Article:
Feb 19, 2013
Ever wondered if wearing a backpack could affect the way you walk? Two HSU students recently teamed up with Kinesiology Professor Justus Ortega to find out.
Anthropology students Vincent Velasquez (’13) and Tia Meyer (’12) were interested in researching how weight-bearing loads like backpacks affect leg stride and arm swing.
“We wanted to determine the relationship between wearing a backpack and body mechanics,” says Ortega, who facilitated the experiments in HSU’s Biomechanics Lab. “Does wearing a backpack force you to take shorter, more frequent steps? Does it impede your arm swing?”
What they found is that while wearing a backpack has little to no effect on stride length or frequency, it does increase your upper and lower arm swing.
For the experiment, Velasquez and Meyer recruited 15 student volunteers. Each subject was outfitted with three marker balls: one on their shoulder, elbow and hand.
Students then walked on a treadmill with and without a backpack for three minutes at various speeds (1.6 mph, 2.9 mph and 4 mph). For each trial, they recorded the subject’s arm swing and leg motion using a video camera and motion analysis software.
The results showed that while wearing a backpack has no effect on stride length or frequency, it does increase the amount your arm swings.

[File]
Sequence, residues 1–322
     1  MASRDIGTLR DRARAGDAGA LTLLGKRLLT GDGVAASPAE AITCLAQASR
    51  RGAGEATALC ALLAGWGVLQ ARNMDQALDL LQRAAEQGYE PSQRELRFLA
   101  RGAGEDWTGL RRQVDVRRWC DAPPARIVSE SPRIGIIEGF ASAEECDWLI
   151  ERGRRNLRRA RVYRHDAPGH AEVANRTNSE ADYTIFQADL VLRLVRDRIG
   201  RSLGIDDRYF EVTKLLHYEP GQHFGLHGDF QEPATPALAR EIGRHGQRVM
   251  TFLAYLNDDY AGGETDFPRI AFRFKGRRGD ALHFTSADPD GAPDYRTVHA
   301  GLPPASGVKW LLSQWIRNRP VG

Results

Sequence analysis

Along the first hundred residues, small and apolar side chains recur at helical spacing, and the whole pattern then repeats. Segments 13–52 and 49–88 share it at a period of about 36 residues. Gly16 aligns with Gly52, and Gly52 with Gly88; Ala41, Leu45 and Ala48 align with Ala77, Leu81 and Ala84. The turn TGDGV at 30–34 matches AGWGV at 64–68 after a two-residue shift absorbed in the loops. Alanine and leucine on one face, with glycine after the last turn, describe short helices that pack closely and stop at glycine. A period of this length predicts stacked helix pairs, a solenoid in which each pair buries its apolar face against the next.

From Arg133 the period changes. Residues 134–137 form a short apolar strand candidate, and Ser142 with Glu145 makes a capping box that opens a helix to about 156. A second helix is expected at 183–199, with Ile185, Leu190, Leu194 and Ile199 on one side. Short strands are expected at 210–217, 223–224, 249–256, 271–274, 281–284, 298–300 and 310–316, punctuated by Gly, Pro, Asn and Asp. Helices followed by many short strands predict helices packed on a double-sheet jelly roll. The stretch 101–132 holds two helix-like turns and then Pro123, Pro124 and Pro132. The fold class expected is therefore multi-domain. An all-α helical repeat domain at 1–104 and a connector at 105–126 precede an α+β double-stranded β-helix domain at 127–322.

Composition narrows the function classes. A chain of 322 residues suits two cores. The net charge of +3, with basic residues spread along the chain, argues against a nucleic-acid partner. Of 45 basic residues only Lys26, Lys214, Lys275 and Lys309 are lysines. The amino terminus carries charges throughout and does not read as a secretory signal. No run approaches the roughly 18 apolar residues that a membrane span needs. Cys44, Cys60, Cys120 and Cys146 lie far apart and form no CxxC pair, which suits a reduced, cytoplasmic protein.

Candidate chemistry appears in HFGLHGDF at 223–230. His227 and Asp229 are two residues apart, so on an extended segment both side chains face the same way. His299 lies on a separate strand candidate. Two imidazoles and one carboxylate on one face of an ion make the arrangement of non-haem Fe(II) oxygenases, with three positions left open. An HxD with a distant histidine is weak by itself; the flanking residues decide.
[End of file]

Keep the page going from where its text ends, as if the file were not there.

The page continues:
Up until recently, researchers had that thought arm swing was an unnecessary movement—one of the vestiges of humans’ knuckle-walking days. But recent studies suggest that arm swing plays an important role in human locomotion by counteracting the torque—or the twisting of the spine—created by the legs while walking.
Torque has a destabilizing effect on the body, resulting in wear and tear on the spine over time. Velasquez and Meyer’s study provides important insights into injury prevention and reduction when it comes to wearing weight-bearing loads like backpacks.
It also has implications for the military, explains Ortega. “There’s a very big interest in load carriage as it relates to soldiers in the field,” Ortega says. “It’s extremely valuable in understanding fatigue over long periods of time in danger zones.”
Velasquez and Meyer first became interested in the relationship between torque and arm swing as students in Professor Mary Glenn’s Applied Evolutionary Anthropology Research class. They expanded the scope of their research with help from Ortega in the Biomechanics Lab. Last semester, they presented their research at HSU’s first annual Anthropology Symposium for undergraduate research.